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Former police officer exposes Chesterfield’s ticket quota goals

CHESTERFIELD COUNTY, Va. – Two Virginia delegates who represent voters in Chesterfield County said they would consider banning ticket quotas at law enforcement agencies after CBS 6 uncovered traffic stop and arrest mandates at the Chesterfield County Police Department.

Lieutenant Colonel Dan Kelly with the Chesterfield Police Department said the mandates were not quotas and called them a perfectly legitimate performance standard.

A former officer with the Chesterfield Police Department came to CBS 6 investigative reporter Melissa Hipolit with concerns about the way he said the department measured officer performance. His recent review contained traffic stop and arrest mandates.

It showed the following work goals:

  • Two-three traffic stops per day
  • One arrest per day

“Failure to meet the expectation during this work performance plan will result in further disciplinary action,” the review read.

The former officer said he resigned after he was denied a one percent raise for not making enough traffic stops and arrests.

“This is…this is shocking…it really is,” Del. Riley Ingram (R – Chesterfield) said.

“This is a little disconcerting,” Del. Delores McQuinn (D – Chesterfield) said.  She said she had never seen something like that in writing before.

When questioned about the document, leaders at the Chesterfield Police Department sought to clarify its intent.

“If you think Chesterfield County Police officers are evil and out to target our citizens, that’s just completely false,” Lieutenant Colonel Kelly said. Kelly admitted the department does expect every patrol officer to make three traffic stops and one arrest during each shift. That adds up to about 270 stops and 90 arrests every day.

“Our officers are on the road 12 hours a day, so in a 12-hour period of time they stop three cars, I don’t think that’s unfairly targeting our citizens,” Kelly said.

He said the department comes up with those benchmarks after an in-depth review of all stop and arrest numbers from the previous year. They then come up with an average, which becomes the mandate.

“I don’t sit behind my desk and arbitrarily come up with some number of a performance standard that I think our officers should meet,” Kelly said. “They are held accountable to what their peers do.”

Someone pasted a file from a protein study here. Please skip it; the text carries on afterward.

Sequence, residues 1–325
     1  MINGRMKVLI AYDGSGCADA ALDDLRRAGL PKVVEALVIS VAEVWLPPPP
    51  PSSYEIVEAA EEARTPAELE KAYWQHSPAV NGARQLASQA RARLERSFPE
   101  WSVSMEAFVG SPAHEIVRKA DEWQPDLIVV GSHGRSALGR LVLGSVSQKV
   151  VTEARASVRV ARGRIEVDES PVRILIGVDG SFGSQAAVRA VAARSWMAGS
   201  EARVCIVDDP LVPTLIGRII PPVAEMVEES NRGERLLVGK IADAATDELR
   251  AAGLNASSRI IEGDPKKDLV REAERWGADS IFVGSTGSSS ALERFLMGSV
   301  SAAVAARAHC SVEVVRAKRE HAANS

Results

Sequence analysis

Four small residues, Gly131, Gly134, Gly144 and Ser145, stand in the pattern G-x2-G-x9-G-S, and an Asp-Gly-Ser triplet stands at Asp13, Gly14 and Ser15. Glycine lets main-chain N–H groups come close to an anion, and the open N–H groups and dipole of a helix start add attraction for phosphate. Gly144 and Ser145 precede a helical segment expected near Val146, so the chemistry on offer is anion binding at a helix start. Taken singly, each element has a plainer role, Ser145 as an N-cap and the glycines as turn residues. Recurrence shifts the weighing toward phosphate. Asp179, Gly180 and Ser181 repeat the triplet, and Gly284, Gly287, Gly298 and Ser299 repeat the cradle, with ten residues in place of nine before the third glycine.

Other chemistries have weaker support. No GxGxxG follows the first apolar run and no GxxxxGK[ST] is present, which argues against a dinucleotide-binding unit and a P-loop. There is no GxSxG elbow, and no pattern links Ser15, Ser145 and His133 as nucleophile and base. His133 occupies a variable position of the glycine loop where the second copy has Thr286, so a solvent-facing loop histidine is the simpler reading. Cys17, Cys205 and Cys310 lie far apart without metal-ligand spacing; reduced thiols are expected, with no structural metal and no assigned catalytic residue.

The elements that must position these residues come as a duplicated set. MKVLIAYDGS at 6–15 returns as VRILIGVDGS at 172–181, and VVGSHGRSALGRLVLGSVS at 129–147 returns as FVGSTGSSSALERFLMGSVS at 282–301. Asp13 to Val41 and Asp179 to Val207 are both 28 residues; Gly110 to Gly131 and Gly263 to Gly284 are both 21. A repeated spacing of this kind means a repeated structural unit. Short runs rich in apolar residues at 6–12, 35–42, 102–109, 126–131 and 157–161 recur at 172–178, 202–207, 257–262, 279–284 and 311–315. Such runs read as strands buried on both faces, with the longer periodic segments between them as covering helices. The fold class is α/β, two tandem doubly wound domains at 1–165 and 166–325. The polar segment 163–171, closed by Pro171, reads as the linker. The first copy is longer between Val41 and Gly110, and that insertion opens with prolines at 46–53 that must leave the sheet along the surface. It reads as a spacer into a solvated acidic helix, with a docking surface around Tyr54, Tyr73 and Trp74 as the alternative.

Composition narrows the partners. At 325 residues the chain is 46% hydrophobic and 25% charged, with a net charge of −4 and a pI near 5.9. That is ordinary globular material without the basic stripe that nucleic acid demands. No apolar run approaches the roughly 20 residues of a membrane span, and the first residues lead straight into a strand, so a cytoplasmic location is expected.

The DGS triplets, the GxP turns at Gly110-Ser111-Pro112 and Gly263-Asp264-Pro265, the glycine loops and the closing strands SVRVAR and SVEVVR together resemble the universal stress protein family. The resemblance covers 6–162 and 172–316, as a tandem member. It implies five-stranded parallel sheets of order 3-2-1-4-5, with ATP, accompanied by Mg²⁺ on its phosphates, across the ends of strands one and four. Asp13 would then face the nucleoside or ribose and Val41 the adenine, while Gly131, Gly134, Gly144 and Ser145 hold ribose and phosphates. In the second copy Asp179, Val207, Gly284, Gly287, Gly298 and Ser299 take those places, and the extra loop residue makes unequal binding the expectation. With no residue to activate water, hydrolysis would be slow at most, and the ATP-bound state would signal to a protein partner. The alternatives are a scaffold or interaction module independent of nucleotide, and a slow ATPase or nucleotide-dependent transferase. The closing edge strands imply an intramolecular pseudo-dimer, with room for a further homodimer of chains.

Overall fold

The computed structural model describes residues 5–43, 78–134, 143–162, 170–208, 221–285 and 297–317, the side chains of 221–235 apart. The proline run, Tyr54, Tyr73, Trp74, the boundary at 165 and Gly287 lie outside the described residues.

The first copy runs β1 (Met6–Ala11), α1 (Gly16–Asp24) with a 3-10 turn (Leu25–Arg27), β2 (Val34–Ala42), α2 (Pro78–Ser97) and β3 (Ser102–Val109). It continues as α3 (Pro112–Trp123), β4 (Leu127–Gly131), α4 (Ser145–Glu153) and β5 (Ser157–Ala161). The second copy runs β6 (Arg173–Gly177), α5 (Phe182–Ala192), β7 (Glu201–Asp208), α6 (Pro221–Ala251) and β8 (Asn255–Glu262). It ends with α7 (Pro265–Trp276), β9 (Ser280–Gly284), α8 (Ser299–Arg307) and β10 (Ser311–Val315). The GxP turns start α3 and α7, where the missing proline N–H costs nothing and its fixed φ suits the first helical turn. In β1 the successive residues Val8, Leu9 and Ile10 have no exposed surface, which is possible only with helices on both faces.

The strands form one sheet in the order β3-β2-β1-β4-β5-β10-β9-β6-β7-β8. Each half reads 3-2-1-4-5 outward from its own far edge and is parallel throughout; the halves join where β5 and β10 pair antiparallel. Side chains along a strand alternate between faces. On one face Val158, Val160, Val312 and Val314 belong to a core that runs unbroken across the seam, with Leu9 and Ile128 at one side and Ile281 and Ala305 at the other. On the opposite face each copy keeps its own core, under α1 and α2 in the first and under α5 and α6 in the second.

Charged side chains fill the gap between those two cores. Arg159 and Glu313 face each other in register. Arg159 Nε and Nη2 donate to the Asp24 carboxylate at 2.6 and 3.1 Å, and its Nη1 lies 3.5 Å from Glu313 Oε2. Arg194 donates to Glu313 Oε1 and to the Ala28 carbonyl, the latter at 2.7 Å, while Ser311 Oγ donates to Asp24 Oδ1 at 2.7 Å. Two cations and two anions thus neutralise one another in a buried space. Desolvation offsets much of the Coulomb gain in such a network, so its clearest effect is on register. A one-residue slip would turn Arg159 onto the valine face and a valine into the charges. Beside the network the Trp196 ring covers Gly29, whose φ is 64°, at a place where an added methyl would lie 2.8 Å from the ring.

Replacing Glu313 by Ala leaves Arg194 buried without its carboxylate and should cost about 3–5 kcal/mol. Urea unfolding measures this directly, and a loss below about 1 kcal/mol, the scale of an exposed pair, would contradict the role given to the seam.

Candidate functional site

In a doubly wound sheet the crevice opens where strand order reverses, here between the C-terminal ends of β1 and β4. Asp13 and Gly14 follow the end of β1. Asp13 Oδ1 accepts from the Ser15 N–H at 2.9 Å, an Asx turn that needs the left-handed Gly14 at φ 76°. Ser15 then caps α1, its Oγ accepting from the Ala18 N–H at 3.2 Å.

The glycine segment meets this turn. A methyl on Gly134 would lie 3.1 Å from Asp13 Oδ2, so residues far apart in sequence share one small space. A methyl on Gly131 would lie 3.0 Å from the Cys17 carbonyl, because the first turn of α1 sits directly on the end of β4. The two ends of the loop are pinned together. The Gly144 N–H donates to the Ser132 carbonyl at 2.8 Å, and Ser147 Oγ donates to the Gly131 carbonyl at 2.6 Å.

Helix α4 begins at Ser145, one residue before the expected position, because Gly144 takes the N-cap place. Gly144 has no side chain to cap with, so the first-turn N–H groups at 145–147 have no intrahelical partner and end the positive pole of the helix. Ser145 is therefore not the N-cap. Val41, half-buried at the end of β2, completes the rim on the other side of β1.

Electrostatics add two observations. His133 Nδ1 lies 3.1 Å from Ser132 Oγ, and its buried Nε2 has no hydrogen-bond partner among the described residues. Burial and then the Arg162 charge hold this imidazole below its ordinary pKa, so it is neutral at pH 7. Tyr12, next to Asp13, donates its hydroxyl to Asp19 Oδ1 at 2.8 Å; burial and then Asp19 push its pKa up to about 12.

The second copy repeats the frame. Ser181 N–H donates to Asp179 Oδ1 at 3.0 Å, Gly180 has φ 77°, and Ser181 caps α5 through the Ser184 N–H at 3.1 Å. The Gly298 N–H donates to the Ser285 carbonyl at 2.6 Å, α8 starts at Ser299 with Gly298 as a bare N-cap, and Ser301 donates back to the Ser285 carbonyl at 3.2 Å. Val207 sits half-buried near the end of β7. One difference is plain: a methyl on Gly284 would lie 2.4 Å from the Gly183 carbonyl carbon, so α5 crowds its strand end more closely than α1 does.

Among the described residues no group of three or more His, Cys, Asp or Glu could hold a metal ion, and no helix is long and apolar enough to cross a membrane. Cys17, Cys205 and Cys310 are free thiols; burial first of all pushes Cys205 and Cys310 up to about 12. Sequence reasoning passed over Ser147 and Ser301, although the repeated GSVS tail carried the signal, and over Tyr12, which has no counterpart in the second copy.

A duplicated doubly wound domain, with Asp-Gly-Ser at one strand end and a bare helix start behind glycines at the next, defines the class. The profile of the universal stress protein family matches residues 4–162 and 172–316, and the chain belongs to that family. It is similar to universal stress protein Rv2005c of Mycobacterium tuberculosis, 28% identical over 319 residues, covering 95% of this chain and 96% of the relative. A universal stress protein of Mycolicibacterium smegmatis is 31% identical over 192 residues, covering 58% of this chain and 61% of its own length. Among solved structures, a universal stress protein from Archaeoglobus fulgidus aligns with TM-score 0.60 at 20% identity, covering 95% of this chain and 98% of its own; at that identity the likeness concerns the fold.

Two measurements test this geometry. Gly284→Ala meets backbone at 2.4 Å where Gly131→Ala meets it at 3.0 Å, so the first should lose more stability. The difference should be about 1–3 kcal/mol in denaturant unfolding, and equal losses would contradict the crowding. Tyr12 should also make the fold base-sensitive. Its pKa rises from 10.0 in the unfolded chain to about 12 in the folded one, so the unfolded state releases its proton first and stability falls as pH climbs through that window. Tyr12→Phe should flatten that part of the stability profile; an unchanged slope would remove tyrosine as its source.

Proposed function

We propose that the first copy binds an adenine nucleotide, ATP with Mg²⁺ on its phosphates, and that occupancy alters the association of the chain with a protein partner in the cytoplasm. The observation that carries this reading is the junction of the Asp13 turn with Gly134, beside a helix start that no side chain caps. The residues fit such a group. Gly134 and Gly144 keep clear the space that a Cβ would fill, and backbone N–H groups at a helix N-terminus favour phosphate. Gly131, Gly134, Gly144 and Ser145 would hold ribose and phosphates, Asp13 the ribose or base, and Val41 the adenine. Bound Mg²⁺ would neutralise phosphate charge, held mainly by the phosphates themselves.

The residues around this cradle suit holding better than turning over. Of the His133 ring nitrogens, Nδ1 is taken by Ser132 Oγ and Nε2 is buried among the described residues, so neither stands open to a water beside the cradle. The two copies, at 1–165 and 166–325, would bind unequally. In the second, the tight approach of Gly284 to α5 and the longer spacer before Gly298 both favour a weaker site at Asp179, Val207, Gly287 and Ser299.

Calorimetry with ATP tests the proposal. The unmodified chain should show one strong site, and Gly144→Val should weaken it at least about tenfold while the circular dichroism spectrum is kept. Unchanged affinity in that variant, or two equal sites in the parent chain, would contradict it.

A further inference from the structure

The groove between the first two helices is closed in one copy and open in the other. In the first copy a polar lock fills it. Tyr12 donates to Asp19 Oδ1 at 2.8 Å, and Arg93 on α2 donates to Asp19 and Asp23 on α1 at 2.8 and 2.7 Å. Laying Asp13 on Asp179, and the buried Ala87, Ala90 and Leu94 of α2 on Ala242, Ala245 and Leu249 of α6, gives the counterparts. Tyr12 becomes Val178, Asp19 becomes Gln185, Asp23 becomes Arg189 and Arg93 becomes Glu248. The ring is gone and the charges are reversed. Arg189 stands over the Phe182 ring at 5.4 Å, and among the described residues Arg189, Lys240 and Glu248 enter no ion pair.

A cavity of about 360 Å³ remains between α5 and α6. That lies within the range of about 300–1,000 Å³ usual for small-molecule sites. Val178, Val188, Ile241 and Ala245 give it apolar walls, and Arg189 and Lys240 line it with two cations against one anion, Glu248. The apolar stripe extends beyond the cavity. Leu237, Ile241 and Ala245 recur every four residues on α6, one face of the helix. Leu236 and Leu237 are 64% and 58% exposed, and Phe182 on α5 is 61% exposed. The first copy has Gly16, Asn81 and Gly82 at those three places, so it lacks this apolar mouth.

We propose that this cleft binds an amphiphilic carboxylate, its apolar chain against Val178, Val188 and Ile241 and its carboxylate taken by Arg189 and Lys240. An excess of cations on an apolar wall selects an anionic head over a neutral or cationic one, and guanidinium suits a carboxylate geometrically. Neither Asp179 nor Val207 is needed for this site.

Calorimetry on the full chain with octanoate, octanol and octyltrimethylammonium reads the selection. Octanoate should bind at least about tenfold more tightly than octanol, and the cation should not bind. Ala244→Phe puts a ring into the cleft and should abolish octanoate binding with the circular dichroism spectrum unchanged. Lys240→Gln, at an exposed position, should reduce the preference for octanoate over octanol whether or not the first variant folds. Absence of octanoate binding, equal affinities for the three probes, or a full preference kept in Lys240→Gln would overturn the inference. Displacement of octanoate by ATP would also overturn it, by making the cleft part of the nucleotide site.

“Would you call this a quota system?” Hipolit asked Kelly.

“Absolutely not,” Kelly said.

“Why?” Hipolit pressed.

“It’s a performance standard,” Kelly replied.

At least one Chesterfield driver we spoke with said he is perfectly okay with that standard.

“If somebody is in the wrong, then they’re in the wrong, they’re just doing their job, I understand,” Lequan Mcelwain.

Kelly said the department’s officers are fairly lenient.

He pointed to numbers that showed officers issued tickets to just 40 percent of the cars they stopped last year.

“I think those are legitimate stops by our officers that observed a legitimate violation of the law,” Kelly said.

Chesterfield Police Department Master Officer Matt McCory said he pulled over an average of four to five  drivers every day, but only wrote one or two tickets.

“I generally can help them out a little bit, issue a warning instead of a summons,” McCory said.

The state of Illinois recently banned police ticket quotas. After our investigation, Delegates Riley and McQuinn both said Virginia should consider doing the same thing.

“I would hope this kind of practice would cease immediately,” Del. McQuinn said. “I think as we go back into the General Assembly it needs to be addressed.”

We asked both the Richmond and Henrico Police departments if they had similar systems in place to evaluate officer performance.

The Richmond Police Department said it does not have any traffic stop or arrest requirements.

A Henrico Police spokeswoman said there are no stop or arrest quotas for officers, but they do encourage traffic stops in crime hot spots and high accident locations.

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